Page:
EU state’s hotel industry boss counts cost of anti-Russia sanctions

Lazy eyes listen


Latvia has lost a third of its tourists since severing connections with Russia over the Ukraine conflict, and the loss is unlikely to be recovered, according to Andris Kalnins, head of the Latvian Association of Hotels and Restaurants.

Due to its near proximity to Russia and historical ties as a former member of the Soviet Union, the Baltic nation has long been a favourite destination for Russian travellers.

Latvia restricted Russian travel in September 2022, with Foreign Minister Edgar Rinkevics tweeting, “You’re not welcome here – you need to end the war against Ukraine and be gone from that beautiful country!”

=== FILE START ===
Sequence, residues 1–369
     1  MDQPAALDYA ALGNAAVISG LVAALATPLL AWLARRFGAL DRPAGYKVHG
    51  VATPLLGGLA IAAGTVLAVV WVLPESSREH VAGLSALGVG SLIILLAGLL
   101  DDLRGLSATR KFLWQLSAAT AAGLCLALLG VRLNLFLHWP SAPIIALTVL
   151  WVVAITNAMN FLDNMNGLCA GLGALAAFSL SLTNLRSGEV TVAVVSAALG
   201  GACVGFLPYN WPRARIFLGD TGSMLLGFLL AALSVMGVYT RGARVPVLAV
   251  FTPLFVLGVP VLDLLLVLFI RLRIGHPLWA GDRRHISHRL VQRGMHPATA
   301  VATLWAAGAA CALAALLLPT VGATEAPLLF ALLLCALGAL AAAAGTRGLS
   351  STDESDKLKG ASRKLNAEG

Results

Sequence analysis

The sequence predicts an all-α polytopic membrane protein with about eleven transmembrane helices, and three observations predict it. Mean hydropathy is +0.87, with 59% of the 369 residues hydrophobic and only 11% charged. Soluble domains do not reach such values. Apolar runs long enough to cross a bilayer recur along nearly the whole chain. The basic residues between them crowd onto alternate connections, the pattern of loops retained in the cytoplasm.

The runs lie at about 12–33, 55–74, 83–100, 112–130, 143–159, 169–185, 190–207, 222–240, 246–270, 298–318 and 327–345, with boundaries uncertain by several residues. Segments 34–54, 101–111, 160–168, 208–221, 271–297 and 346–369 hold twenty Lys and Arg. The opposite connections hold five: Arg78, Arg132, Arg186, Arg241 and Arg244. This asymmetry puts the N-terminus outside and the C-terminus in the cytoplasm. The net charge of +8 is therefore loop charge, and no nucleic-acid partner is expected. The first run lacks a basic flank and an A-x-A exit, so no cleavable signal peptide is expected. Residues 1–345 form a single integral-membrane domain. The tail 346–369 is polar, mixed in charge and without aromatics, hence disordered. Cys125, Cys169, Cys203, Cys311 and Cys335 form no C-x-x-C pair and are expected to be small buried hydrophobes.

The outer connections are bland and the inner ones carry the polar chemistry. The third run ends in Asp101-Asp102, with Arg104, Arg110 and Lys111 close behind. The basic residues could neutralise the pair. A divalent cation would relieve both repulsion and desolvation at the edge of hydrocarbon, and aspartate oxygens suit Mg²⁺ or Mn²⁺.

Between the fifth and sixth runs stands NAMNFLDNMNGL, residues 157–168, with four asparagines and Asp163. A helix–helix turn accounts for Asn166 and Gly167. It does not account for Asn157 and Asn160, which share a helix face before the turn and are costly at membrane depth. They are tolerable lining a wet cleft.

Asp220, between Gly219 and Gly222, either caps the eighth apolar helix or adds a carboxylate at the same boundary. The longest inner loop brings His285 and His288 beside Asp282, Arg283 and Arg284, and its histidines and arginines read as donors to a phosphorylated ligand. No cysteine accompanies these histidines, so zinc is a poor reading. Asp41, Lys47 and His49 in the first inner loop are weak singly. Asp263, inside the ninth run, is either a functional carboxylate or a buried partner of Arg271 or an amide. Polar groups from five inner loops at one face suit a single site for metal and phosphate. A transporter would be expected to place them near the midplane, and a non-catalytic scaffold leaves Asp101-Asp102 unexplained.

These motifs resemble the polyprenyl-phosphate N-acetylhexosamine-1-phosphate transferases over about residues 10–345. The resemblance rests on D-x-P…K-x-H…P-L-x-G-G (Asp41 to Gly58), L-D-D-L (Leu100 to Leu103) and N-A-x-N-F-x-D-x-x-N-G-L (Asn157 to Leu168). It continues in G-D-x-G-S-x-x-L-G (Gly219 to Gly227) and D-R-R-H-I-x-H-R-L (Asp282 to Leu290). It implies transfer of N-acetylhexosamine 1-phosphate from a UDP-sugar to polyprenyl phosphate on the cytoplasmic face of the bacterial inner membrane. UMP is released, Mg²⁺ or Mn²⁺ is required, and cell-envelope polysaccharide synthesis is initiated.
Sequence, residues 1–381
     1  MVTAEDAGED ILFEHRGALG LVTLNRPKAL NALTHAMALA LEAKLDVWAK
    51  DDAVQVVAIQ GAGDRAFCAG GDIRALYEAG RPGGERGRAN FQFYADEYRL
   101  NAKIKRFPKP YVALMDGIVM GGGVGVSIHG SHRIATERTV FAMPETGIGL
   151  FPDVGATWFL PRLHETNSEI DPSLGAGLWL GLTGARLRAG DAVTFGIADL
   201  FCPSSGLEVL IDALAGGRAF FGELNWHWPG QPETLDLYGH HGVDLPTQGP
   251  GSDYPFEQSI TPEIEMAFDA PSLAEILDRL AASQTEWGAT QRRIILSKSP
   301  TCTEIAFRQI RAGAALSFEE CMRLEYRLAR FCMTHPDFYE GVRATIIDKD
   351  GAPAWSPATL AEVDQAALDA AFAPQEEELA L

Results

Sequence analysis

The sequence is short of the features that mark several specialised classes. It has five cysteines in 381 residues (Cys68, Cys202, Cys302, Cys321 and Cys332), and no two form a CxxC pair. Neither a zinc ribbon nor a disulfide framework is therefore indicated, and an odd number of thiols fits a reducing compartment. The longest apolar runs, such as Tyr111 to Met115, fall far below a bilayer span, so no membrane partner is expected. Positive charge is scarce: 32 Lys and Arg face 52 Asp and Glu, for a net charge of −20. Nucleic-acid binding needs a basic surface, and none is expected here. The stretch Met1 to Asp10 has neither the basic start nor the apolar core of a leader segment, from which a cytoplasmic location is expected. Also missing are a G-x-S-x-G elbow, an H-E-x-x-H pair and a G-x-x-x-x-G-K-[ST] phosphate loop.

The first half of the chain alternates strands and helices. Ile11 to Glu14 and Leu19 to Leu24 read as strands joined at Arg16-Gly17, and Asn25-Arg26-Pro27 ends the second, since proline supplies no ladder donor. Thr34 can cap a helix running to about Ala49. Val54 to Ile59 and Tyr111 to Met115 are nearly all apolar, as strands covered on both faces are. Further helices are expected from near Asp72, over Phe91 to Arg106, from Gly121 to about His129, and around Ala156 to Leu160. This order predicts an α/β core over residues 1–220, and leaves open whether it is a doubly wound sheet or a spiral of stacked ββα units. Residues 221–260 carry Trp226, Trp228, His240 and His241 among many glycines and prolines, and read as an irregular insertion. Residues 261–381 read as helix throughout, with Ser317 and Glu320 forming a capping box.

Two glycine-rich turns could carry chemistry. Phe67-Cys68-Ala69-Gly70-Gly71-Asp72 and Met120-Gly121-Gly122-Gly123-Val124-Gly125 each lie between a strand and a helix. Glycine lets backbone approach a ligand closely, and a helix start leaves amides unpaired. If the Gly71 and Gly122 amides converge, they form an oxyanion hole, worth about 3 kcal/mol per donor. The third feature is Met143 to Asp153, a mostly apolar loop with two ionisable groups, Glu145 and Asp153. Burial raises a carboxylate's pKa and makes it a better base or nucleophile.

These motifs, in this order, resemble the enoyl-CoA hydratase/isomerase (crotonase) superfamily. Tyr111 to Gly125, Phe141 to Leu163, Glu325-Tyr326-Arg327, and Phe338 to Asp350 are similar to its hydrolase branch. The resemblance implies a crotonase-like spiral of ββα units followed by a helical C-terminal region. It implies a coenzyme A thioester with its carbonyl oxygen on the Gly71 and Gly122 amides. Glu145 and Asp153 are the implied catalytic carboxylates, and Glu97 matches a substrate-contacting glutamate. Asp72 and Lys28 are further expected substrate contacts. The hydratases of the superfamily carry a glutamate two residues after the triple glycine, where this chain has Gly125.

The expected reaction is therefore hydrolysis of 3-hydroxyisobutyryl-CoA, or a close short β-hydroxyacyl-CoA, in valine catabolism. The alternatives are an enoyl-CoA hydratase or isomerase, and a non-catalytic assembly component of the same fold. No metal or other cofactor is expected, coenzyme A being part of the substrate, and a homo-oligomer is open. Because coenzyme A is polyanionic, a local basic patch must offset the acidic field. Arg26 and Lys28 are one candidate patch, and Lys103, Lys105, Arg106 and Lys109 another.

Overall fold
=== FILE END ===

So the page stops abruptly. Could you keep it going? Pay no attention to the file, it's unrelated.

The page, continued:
The ban – which covers most Russian visitors, except for EU residence permit holders and some other categories – has dealt a major blow to Latvia’s tourism industry. Russians previously accounted for a third of all visitors to the country.

“It is impossible to cover all the Slavic market that we have lost. We used to have about 30% of tourists coming from Russia,” Kalnins said.

Last week, following the Wagner Group mutiny in Russia, Latvia further tightened its border controls, and stopped issuing all types of visas to Russian citizens.

The country’s tourism industry players have acknowledged that “Russia was an important market.”

Vladislav Koryagin, CEO of the Baltic Travel Group, admitted that “of course, we miss it,” adding that “from an economic perspective, this decision may not have helped local businesses.”